• It's a difficult issue. I have a dedicated server at APlus in Phoenix, and for the first six months, they didn't have any of the passwords for the box. Then they had a big outage and had to move the servers to another data center, and asked the users to tell them the root password so the could shut down the server, move it, and reconfigure the networking. So now they have the root password, and they did use it once without asking me first when I called in with a later problem.

      Assuming this is a Linux Box

    • by TheRaven64 (641858) on Sunday July 27, 2008 @11:56AM (#24358505) Journal

      There's no standard way to give out a permission that allows only the operations a co-location facility might need to perform - startup, shutdown, IP address change, and maybe encrypted backup

      Actually, there is. First thing to note is that 'root' is just a name. It is UID 0 that is powerful, not the user named 'root'. You can create an account called root which has a different UID and it is just another user - give this account / password to the colo company and they will only find out that it's not root if they try to do something evil. Then, just give them permissions to modify the network config files and run shutdown / reboot as root and you're set.

      Alternatively, you can create a 'colo' user which has write access to the network config files and has sudo access to the shutdown command, which might be cleaner, and if they complain about this limited access then move hosts.

    • by Dionysus (12737)

      This is to some extent a lack of Linux system administration capability. There's no standard way to give out a permission that allows only the operations a co-location facility might need to perform - startup, shutdown, IP address change, and maybe encrypted backup.

      Why wouldn't sudo work for this purpose? Or if you are really on the cutting edge, ACL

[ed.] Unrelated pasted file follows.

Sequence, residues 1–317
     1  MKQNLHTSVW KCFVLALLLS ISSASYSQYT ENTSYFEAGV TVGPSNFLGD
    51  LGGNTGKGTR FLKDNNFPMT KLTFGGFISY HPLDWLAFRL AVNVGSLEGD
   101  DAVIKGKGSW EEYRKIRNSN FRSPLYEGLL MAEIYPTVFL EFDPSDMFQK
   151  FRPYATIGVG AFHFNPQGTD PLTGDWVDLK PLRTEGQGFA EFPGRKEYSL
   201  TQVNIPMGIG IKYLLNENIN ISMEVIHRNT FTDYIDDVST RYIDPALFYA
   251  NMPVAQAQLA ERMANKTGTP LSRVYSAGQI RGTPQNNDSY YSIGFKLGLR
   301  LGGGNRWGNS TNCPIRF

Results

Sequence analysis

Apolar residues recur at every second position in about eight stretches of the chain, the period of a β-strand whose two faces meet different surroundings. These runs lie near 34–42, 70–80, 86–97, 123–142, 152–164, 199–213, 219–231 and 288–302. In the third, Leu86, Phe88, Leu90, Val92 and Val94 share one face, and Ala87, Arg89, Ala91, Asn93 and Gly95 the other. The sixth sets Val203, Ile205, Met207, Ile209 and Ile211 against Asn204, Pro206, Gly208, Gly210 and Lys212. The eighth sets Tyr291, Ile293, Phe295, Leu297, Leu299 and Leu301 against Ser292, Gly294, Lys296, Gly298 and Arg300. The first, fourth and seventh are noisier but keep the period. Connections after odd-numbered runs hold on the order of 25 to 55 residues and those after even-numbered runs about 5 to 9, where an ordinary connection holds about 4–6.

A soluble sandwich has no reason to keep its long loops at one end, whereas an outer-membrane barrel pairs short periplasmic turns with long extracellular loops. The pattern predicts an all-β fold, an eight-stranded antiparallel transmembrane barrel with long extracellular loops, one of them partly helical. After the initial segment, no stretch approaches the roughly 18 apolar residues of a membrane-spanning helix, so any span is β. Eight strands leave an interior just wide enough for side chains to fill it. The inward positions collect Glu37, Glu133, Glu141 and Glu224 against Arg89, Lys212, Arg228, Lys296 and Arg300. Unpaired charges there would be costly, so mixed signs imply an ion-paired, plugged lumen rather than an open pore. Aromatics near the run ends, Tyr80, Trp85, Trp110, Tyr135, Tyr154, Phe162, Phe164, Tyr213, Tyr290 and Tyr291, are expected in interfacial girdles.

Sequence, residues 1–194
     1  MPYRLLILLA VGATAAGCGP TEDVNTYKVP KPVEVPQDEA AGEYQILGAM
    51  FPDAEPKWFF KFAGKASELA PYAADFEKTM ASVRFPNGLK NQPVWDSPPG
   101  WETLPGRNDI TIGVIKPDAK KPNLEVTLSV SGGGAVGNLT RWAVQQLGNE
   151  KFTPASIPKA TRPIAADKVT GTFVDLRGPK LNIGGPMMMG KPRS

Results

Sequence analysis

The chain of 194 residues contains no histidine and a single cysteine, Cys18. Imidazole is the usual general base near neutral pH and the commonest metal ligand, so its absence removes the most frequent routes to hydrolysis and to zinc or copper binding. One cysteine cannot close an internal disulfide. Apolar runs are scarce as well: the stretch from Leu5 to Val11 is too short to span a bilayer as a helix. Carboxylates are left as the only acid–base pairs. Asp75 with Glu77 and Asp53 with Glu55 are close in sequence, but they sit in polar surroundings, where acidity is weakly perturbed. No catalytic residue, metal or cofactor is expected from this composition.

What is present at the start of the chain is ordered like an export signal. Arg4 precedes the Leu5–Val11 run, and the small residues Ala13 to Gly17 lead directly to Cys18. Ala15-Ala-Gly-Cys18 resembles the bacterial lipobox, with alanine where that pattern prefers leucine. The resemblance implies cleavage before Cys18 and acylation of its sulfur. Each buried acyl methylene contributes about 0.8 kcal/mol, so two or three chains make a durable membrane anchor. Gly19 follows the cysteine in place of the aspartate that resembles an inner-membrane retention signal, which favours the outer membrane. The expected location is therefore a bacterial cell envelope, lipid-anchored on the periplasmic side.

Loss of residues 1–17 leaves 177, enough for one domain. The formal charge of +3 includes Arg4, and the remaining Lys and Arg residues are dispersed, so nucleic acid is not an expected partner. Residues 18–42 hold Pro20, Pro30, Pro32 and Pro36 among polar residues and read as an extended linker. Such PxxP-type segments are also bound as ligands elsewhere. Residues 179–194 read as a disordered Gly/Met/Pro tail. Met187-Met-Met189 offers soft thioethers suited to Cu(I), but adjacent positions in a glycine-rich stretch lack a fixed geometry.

• by houghi (78078)

      Well as others have pointed out, sudo can be your friend for access to certain commands. However I think here I would have just changed the password and change it back once all was ready. Also I would look at the logfiles and see that all logfiles are untouched and lokk in .bashrc what they had done as well as anything else.

      Still the easiest bet would have been to change the password for the timebeing and change it back once all is done. You can do that for both root and for plesk.

    • by straponego (521991) on Sunday July 27, 2008 @01:58PM (#24359567)
      Others have mentioned sudo, and indeed it can be very useful, but it's not as secure as many think. For example, if you give some access to vim or other editors, or less/more, they can escape to a root shell. So you have to be very careful with what you allow. I think of sudo more as an tool for accountability and audit trail for non-malicious users. It can keep honest people from making mistakes, and sometimes help you figure out what happened when mistakes were made.

      Sudo in combination with a script that would modify your network config might work in your case. You'd also want to allow shutdown and reboot.

  • by mosb1000 (710161) <mosb1000@mac.com> on Sunday July 27, 2008 @11:42AM (#24358355)

    Some customers will get upset with you if you wait to fix the problem, others will get mad if you don't wait and ask them first. It is a no-win situation.

  • Your rights here are largely determined by the contract between you and the hosting company. Typically, these things will list the conditions under which they will access private data stored on their server. If the contract is silent, then at best they're probably just limited to not selling data to your competitors or posting your naked pictures to porn sites.